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Effects of Gradually Decreasing Action Observation Training on Upper Extremity Function of Chronic Stroke Patients

  • Korean Journal of Occupational Therapy
  • Abbr : Korean J of Occup Ther
  • 2018, 26(3), pp.57-68
  • DOI : 10.14519/jksot.2018.26.3.05
  • Publisher : Korean Society Of Occupational Therapy
  • Research Area : Medicine and Pharmacy > Working Therapeutics
  • Received : April 10, 2018
  • Accepted : July 6, 2018
  • Published : September 30, 2018

Kang, Myung-Su 1 Lee, Chun Yeop 2 Kim Hee Jung 2 Hong ki hoon 2

1가야대학교 보건대학원 작업치료학과
2가야대학교

Accredited

ABSTRACT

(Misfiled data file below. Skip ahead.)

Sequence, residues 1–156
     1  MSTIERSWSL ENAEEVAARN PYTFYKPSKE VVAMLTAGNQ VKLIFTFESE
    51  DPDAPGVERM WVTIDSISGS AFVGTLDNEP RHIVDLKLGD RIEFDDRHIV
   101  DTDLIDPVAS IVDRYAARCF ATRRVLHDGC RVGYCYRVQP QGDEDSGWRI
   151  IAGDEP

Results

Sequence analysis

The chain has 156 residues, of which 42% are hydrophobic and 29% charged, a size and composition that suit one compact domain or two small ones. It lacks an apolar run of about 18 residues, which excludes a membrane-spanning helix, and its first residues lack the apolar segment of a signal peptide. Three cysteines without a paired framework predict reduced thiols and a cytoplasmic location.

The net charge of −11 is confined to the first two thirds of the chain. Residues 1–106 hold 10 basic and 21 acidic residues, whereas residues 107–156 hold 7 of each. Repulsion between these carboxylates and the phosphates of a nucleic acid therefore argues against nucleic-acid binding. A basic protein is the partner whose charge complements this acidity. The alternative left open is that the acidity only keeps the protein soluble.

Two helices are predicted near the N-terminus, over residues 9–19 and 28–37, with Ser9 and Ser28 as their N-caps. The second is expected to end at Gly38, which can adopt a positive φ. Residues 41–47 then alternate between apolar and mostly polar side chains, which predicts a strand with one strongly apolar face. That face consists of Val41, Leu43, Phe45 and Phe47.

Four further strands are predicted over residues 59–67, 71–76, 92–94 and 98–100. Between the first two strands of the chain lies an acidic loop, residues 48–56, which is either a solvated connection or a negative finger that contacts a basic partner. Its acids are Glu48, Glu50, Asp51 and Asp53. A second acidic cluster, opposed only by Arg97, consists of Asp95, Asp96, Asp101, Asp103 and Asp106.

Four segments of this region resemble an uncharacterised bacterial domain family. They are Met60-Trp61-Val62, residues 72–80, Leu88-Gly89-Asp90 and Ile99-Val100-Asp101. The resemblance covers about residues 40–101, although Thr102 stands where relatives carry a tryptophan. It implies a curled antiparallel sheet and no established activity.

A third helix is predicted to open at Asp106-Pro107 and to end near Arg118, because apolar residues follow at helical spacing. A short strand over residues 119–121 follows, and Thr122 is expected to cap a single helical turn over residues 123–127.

Objective: The purpose of this study was to investigate the effective intervention methods of upper extremity function changes in gradually decreasing action observation training and existing action observation training. Methods: The study subjects were 14 chronic stroke patients. Seven experimental groups performed gradually decreasing action observation training, and seven control groups performed existing action observation training. The intervention period was conducted for 3 times a week for 4 weeks for all groups. All groups also performed conventional occupational therapy and physical therapy. Wolf Motor Function Test(WMFT), Disabilities of the Arm, Shoulder and Hand(DASH), and a Box and Block Test(BBT) were used for pre- and post- assessments of the upper extremity motor function. The difference between before and after intervention was determined using a Wilcoxon signed ranks test for each group. A comparison of the post-intervention effects between the two groups was made using the Mann-Whitney U test. Results: There were statistically significant changes in WMFT, DASH, and BBT in both the experimental and control groups (p<.05). The changes in the upper extremity function between the two groups were compared, and the time of the WMFT and DASH scores in the experimental group were larger and statistically significant (p<.05). Conclusion: As a result of the study, gradually decreasing action observation training is considered more efficient than existing action observation training to improve the upper extremity function of chronic stroke patients. Therefore, intervention strategies that take into account the cognitive rate during the intervention of the action observation training are needed, as are subsequent studies with various subjects and functional evaluations needed.

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